Compressive Mechanisms in a Screw Press

June 18, 2004                                                                                                                                                                                                     ISSUE #150
                                                                                           COMPRESSIVE MECHANISMS IN A SCREW PRESS

The function of a screw press is to separate liquids from solids by expelling the liquids through a screen that surrounds the compression screw. It takes pressure to make the fluid flow through the holes or slots in the screen. As screw presses have evolved, a number of mechanisms have been found useful in causing this separating action.

Compression can be achieved by gradually increasing the inner shaft diameter of the screw. This forces the material out against the screen so that liquid is expelled through the screen. For example, if a 16" screw press has a 6" shaft in the inlet, the flights will be 5" tall. If this 6" shaft diameter is increased to 12" at the discharge, the flights will be only 2" tall. The result is that the material will have been pressed from a 5" opening down to a 2" space.

Alternatively, compression can be achieved by tightening the pitch of the flighting. That is, if the flighting has a 16" pitch at the inlet, material will move 16" with each revolution of the screw. If the pitch is reduced to 8" closer to the discharge, this same material moves only 8" per revolution. Thus, with each turn off the screw there is more material being forced into the press than there is being removed. The consequence is compressive forces, which tend to push liquid through the screen.

A third way to achieve compression is to install a cone at the discharge. This cone is also referred to as a choke, stopper or door. In many screw press designs it is bolted into a fixed position, creating a fixed discharge orifice through with the press cake must pass. More commonly, the cone is pushed into the discharge opening by either an air or hydraulic cylinder. This creates a floating cone that exerts constant pressure against the solid cake that is being pushed from the press by the screw. The greater the air pressure, the greater the back pressure in the press, and the greater the dewatering that occurs.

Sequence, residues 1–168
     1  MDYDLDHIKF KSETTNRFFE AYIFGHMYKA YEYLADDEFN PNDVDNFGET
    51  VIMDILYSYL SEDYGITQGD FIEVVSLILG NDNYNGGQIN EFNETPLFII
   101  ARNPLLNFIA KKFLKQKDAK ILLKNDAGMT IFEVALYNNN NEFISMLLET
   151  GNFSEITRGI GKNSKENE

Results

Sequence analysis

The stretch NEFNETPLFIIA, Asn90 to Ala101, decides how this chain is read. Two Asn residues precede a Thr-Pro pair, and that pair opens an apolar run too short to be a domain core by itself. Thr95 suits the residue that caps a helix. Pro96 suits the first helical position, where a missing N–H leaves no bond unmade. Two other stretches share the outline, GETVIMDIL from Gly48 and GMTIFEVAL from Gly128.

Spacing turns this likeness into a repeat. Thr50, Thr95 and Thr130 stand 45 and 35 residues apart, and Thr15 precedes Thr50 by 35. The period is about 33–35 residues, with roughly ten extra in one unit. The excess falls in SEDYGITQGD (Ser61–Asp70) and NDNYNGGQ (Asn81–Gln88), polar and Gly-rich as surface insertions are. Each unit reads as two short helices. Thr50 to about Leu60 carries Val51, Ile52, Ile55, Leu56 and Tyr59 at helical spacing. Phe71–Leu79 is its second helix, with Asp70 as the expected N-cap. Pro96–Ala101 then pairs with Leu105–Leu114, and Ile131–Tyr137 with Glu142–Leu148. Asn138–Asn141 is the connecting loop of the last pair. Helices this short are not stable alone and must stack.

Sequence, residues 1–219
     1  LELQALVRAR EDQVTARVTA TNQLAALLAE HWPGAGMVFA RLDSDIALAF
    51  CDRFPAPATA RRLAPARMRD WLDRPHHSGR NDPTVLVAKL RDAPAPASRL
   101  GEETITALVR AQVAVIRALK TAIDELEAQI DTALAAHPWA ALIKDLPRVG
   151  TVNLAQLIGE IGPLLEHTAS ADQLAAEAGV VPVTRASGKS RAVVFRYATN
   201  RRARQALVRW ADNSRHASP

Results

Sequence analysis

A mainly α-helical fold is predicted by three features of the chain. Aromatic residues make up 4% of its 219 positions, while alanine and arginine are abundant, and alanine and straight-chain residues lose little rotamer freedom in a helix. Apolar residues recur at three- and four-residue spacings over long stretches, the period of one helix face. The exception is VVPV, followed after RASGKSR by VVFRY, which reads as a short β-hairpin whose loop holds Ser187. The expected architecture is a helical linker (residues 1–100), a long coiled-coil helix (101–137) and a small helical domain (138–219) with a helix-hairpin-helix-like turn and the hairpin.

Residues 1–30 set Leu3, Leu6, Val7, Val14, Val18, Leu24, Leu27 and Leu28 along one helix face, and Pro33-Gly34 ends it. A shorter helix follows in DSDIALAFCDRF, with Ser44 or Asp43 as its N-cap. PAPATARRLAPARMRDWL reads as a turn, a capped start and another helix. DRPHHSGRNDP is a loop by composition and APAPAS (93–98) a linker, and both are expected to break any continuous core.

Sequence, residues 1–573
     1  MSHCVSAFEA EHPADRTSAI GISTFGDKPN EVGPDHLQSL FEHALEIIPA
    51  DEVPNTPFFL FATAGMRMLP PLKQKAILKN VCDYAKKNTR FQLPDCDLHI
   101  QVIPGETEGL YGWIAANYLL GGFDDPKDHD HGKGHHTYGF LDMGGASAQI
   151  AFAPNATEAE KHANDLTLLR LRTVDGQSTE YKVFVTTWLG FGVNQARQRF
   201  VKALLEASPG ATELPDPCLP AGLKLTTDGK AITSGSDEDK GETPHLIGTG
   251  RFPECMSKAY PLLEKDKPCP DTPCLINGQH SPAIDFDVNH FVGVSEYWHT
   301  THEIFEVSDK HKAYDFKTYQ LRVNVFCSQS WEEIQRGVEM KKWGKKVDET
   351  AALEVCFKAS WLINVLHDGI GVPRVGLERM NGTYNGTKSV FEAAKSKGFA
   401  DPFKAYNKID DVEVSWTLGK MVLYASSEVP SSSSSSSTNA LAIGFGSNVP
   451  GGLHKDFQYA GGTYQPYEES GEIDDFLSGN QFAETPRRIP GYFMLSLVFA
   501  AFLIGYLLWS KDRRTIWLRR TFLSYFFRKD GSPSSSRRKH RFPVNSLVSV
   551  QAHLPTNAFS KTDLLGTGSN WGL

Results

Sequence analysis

Another mechanism for forcing liquid through the screen of a press is to force-feed the press with a Supercharger screw or a positive displacement pump. This creates a pressure differential that pushes liquid through the screen. The technique has limited applications because in many conditions the pressure simply plasters solids against the screen of the press, forming an impenetrable mat layer. Capacity can go down instead of up.

Similarly, differential pressure across the screen can be achieved by operating with a vacuum around the outside of the screen. This vacuum can draw high volumes of liquid through the screen. While successful in certain applications, the same problem of screen blinding due to a mat layer of fiber on the screen is possible.